# More vector calculus

1. Sep 19, 2009

### rock.freak667

1. The problem statement, all variables and given/known data

Sketch the cone z2=x2+y2 in 3D space.

Let (x0,y0,z0)≠(0,0,0) be a point on the given cone. By expressing the fiven equation of the cone in the form f(x,y,z)=a, find a normal vector tot he cone at point (x0,y0,z0)

Find the equation of the tangent plane to the cone at point(x0,y0,z0)

Show that every plane that is a tangent to the cone passes through the origin

2. Relevant equations

$$\hat{n} =grad(f) \ at \ (x_0,y_0,z_0)$$

3. The attempt at a solution

I was able to do part 2 and 3.

$$\hat{n}= 2x_0 \hat{i} +2y_0 \hat{j} -2z_0 \hat{k}$$

and then tangent plane is

2x0(x-x0)+2y0(y-y0)-2z0(z-z0)=0

so if it passes through the origin x=0,y=0 and z=0, which leaves me with

$$x_0 ^{2}+y_0 ^{2}-z_0 ^{2}=0$$

But since (x0,y0,z0)≠(0,0,0), then doesn't this mean that it does not pass through the origin?

Also, how do I sketch a curve in 3D? Do I just randomly plug in values of (x,y,z) and plot or is there some method in doing it?

2. Sep 19, 2009

### gabbagabbahey

Remember, the point $(x_0,y_0,z_0)$ lies on the cone, so $z_0^2=x_0^2+y_0^2$.

I would plug a few different values of $z$ into the equation of the cone, and sketch the resulting curve at that height (value of $z$), it should become clear pretty quickly what the cone looks like.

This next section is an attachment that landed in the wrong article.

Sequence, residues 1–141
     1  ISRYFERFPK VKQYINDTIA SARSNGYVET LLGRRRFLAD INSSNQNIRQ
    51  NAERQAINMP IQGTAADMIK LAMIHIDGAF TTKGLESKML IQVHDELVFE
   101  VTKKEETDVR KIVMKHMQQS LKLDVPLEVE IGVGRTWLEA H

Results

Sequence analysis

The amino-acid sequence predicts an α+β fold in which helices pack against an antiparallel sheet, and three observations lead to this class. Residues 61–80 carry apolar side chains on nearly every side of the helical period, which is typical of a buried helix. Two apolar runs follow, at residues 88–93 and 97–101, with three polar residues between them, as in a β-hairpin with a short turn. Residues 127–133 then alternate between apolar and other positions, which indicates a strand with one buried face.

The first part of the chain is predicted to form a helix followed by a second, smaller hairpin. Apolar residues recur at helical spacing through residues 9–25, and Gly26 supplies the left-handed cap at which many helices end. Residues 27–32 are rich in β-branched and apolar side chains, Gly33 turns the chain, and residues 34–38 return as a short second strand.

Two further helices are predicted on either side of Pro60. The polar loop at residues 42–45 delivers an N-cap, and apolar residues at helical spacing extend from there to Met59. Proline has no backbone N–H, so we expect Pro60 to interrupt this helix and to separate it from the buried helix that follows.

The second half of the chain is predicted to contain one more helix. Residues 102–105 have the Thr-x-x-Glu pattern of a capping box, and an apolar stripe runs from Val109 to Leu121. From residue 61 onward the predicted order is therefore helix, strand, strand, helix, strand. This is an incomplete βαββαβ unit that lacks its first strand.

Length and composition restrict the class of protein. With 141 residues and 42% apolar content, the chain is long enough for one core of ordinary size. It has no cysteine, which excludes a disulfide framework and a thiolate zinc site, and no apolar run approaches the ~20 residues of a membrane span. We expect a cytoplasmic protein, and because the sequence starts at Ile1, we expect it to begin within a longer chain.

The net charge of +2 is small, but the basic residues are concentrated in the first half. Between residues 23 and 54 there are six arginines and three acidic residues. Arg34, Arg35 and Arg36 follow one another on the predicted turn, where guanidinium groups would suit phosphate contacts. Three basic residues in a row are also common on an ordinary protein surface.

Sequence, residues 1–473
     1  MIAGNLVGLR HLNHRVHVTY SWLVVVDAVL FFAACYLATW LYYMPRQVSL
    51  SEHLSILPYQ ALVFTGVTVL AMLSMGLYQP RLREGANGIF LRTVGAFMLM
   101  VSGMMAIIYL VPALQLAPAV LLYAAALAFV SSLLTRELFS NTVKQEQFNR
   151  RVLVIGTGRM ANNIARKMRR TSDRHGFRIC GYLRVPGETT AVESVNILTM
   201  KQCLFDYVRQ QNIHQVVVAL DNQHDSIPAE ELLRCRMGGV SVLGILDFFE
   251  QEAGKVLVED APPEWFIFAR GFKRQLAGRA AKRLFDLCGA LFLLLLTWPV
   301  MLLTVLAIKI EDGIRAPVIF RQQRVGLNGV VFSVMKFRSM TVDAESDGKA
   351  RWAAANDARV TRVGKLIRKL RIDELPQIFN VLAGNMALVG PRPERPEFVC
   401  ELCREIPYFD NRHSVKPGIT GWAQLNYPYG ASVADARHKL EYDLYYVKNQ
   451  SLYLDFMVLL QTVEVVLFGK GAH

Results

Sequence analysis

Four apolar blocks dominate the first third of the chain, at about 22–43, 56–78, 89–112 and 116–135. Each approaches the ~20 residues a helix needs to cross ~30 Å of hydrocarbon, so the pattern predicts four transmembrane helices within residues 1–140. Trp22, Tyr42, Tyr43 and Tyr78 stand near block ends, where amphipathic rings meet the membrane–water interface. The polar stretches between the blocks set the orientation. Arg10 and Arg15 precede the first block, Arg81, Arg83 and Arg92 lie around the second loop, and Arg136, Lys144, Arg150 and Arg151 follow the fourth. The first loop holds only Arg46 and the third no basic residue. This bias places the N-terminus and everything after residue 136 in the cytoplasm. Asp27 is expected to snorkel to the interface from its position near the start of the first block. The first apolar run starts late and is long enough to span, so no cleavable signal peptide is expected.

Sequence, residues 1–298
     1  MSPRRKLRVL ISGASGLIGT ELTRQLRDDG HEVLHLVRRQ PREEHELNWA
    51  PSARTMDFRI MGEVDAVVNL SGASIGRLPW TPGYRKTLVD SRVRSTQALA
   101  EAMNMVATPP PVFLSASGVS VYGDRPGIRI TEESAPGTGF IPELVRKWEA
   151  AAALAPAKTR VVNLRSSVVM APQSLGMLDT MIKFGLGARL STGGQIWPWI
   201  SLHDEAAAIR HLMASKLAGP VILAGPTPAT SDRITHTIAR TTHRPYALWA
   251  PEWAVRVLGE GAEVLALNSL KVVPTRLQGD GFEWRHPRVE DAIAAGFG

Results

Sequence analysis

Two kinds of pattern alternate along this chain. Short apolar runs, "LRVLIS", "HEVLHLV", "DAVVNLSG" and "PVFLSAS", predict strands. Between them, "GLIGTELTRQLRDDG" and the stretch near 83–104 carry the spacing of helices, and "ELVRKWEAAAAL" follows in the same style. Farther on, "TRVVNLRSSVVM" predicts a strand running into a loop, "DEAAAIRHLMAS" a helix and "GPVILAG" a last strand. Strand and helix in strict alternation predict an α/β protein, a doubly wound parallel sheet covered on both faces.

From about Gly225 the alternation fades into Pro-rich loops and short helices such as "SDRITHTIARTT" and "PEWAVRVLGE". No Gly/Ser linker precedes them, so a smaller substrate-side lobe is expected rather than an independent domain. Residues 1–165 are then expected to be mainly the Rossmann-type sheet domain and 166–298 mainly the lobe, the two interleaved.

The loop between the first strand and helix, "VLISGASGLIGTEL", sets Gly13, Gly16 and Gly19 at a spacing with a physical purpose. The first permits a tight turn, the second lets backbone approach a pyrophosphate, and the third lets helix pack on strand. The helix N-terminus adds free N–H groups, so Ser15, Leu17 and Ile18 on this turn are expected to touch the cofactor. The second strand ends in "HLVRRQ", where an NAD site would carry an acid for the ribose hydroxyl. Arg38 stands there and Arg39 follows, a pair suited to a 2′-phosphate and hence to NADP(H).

3. Sep 19, 2009

### rock.freak667

thanks

But I don't get how I would know what it looks like

on the yz plane z2=y2 which means y=±z. How does the curve have two straight line portions ?

EDIT: yeah this is the first time I've done these things and the person teaching this to me is a bit...hard to talk to, so I can't ask.

4. Sep 19, 2009

### gabbagabbahey

Well, let's see...

For $z=0$ we have $x^2+y^2=0$, which is a circle of radius zero, i.e. just a point at the origin.

For $z=1$ we have $x^2+y^2=1$, which is a circle of radius 1 at height $z=1$.

For $z=-1$ we have $x^2+y^2=1$, which is again a circle of radius 1, this time at a height $z=-1$.

For $z=2$ we have $x^2+y^2=4$, which is a circle of radius 2 at height $z=2$.

For $z=-2$ we have $x^2+y^2=4$, which is again a circle of radius 2, this time at a height $z=-2$.

As you get further and further away from z=0, in either direction, the circles get larger and larger...

http://img268.imageshack.us/img268/1341/cone2t.th.jpg [Broken]

You should see clearly now why there are two lines (in the shape of an X) in the yz plane.

Last edited by a moderator: May 4, 2017
5. Sep 19, 2009

### rock.freak667

oh I see now, so the best thing to do is to try to vary one variable and see what shape is formed by the x and y ( a circle in this case with increasing radius)?

Sketching on paper is gonna be a bit odd

thanks!